Royal Mail’s postal workers delivered 1.1 billion fewer letters in the five months after lockdown started, as the business saw a strong swing to parcel deliveries instead.
The company said it had carried 28% fewer letters, but saw a 34% rise in parcels.
Its delivery vans took 177 million more parcels to customers’ front doors in the months from the beginning of the financial year in April.
“In the first five months of the year, we have seen a substantial shift in our business from letters to parcels,” the company said in an update to shareholders on Tuesday morning.
Revenue from letters dropped 21.5%, while parcel revenue rose 33.1%, meaning total revenue increased by £139 million.
However, all was not good as the company clocked up costs of £85 million from the increased difficulties around handling more parcels.
“Whilst this has driven better-than-expected revenues, as discussed previously, our legacy in letters has held back operational changes needed to adapt our business to a market that has fewer letters and more parcels,” bosses said.
This was added to £75 million costs in the five months because of the Covid-19 pandemic, as absence levels rose, social distancing slowed work, and the company had to fork out for protective equipment.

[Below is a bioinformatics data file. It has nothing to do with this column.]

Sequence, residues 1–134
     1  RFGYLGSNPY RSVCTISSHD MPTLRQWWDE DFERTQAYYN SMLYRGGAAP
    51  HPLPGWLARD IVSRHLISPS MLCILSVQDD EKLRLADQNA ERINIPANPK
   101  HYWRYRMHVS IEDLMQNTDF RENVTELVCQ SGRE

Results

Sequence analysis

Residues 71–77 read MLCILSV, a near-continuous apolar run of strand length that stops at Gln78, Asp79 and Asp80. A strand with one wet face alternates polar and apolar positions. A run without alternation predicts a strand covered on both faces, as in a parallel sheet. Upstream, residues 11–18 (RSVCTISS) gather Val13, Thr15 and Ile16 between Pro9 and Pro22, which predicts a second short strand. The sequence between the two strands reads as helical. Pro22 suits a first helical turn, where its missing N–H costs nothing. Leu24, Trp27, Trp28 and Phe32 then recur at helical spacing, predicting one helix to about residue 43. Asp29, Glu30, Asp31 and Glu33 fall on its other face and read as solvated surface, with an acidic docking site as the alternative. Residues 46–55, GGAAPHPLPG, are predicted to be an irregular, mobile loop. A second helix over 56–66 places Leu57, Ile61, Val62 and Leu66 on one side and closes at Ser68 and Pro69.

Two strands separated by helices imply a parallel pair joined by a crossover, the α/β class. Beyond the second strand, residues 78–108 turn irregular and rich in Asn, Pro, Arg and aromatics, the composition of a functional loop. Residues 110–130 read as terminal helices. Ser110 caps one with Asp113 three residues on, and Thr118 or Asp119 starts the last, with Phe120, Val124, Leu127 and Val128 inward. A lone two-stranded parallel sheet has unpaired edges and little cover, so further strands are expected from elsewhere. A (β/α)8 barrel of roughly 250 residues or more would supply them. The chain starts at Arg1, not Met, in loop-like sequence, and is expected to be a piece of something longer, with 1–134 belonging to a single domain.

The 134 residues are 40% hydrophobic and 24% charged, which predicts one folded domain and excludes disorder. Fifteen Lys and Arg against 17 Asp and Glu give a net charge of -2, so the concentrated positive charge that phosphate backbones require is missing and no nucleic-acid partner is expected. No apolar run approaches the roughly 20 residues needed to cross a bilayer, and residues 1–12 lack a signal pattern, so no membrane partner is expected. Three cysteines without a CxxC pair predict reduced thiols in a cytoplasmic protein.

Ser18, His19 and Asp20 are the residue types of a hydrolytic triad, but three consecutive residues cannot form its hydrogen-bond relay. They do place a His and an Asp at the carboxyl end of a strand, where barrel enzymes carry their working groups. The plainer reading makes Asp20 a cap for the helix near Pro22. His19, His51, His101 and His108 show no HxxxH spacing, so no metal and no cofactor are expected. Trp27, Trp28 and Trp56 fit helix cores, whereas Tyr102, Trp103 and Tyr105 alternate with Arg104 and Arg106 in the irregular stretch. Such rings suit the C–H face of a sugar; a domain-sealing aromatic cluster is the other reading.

While parcel revenues were far ahead of expectations, Royal Mail’s long-term decline in profitability was not halted and the business will make a “material loss” this financial year.
The unit “will not become profitable without substantial business change,” bosses said.
In order to change, Royal Mail is talking to its unions in a bid to adapt the business.
“Currently, too many parcels are sorted by hand and we are failing to adapt our business to fundamentally lower letter volumes and are holding on to outdated working practices and a delivery structure that no longer meets customer needs,” it said.
Talks with Unite and the Communication Workers Union have made good progress in some areas, but a full agreement has not been reached.
Royal Mail said: “It is disappointing that we have not yet been able to reach agreement. Without these changes, we cannot achieve essential improvements in operational efficiency and better focus our efforts on the ever-increasing demands of our customers.”